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Minnesota writer helps incarcerated women pen stories of hurt, hope


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NEW BRIGHTON, Minn. (CNS) -- Five years ago, Joannie Moses was in her late 60s and widowed.

Her husband, Terry, had died of pancreatic cancer. She thought that after a long stint as a caregiver, and nearly 30 years as the religious education director at St. Maron Maronite Catholic Parish in northeast Minneapolis, it was time to reinvent her life.

"After he passed away, I met with a psychologist every single week," Moses recalled. "(St. Maron pastor) Chorbishop Sharbel Maroun refused to accept my retirement, saying, 'I will not accept this until you tell me what you're going to do with your life.'

"I thought that was the smartest thing ever, because that gave me something to focus on," said Moses, 72, who has four daughters and nine grandchildren.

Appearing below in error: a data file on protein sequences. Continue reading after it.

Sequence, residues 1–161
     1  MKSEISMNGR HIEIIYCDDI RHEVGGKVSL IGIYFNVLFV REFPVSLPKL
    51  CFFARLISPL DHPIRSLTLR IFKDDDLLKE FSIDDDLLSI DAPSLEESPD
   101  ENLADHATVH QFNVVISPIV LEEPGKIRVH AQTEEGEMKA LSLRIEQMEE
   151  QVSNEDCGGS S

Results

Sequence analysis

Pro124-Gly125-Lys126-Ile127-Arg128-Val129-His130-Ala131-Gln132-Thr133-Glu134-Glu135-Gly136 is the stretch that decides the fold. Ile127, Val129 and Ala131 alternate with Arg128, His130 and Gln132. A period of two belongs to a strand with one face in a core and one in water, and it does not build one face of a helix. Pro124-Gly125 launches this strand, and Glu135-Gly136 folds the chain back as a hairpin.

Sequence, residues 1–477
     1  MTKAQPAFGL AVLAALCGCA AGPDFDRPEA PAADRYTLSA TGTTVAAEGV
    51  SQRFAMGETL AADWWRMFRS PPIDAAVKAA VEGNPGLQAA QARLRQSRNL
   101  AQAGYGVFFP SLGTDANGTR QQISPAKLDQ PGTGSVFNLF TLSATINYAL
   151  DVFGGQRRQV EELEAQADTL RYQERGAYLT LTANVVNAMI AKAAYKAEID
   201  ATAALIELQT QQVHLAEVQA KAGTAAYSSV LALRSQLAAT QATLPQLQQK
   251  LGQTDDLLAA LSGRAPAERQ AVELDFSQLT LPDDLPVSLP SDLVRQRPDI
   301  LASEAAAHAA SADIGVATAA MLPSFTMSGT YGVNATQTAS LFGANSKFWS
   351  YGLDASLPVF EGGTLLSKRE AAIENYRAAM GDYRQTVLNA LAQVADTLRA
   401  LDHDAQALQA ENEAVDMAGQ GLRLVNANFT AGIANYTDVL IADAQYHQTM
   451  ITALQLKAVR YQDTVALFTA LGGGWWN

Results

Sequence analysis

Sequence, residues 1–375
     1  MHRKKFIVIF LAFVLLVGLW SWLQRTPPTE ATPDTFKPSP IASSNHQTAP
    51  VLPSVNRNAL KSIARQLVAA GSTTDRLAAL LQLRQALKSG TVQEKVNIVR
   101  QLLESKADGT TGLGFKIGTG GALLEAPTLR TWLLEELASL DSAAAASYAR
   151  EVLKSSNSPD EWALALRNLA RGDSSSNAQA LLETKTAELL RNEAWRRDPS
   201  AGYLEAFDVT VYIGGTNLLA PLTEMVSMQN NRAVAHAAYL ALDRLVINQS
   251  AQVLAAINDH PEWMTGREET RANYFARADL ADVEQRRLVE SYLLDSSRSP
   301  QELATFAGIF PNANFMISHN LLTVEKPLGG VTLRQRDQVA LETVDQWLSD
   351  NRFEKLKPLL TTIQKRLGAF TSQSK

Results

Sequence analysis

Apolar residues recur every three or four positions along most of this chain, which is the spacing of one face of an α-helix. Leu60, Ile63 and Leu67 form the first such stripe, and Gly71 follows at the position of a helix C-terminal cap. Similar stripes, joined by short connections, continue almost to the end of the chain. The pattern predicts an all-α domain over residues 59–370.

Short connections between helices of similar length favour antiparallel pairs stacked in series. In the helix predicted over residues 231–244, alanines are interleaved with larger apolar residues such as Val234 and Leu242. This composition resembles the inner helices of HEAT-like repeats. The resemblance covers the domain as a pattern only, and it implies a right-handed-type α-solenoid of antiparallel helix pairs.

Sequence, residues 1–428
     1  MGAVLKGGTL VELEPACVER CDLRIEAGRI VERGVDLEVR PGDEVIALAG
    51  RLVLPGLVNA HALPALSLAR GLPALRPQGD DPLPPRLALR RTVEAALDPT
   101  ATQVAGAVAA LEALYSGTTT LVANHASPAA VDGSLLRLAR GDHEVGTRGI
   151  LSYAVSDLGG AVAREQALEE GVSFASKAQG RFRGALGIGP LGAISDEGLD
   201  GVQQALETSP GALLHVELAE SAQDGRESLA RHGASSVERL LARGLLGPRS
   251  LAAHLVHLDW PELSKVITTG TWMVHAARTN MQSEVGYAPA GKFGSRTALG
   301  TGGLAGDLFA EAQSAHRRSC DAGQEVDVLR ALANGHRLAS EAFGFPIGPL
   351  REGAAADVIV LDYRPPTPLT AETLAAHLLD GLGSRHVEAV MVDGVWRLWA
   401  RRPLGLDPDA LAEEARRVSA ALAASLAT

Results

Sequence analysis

In 2005, Moses and a friend visited a women's prison three times to lead a writing group. It was the activity that kept climbing to the top of her list.

A year after graduating from the Archbishop Harry J. Flynn Catechetical Institute in 2014, Moses decided to look into the Residential Re-entry Center of Roseville, a facility operated byVolunteers of America. She asked center officials if she could start a writing group for women.

"They were delighted, and the women were delighted to do it. It's personal writing about their past, present and future, Moses told The Catholic Spirit, newspaper of the Archdiocese of St. Paul and Minneapolis.

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